Japan had its samurai. Western Europe, its knights in shining armor. North America, its cowboys of the Wild West. Ukraine, its Cossacks toward the western end of the great Eurasian Steppe. All different, each distinctive to its country or region, these figures of history and legend still shine through their respective cultures.
Cossacks (Turkic for “free man” or “adventurer”) moved from many directions into the sparsely populated grasslands north of the Black Sea, starting in the 1500s or earlier. Some were fleeing serfdom. Some were criminal fugitives. All were welcomed as equals without reference to personal history. Living as a democracy, bound by resistance to authority, they became known as fierce warriors and brilliant horsemen. Legend said a Cossack could catch an approaching bullet with his bare hand.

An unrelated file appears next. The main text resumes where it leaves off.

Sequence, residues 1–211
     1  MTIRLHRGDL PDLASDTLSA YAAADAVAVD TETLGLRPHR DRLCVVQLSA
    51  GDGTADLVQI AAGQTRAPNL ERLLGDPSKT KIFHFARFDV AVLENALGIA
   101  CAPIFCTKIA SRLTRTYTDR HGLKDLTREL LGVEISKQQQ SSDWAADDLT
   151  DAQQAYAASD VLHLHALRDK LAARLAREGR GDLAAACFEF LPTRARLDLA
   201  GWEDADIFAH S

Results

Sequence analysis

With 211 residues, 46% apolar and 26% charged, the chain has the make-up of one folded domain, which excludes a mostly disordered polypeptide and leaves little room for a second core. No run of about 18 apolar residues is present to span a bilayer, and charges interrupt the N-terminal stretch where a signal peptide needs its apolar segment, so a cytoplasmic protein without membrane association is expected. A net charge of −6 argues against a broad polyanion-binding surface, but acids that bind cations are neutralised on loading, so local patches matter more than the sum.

I’ve read that to tell a child to be brave, Ukrainian parents may say, “Be a Cossack.” If that’s true, recent events suggest Ukrainians have taken that saying to heart.
I'm a historian who writes novels and literary nonfiction. My home base is Madison, Wisconsin.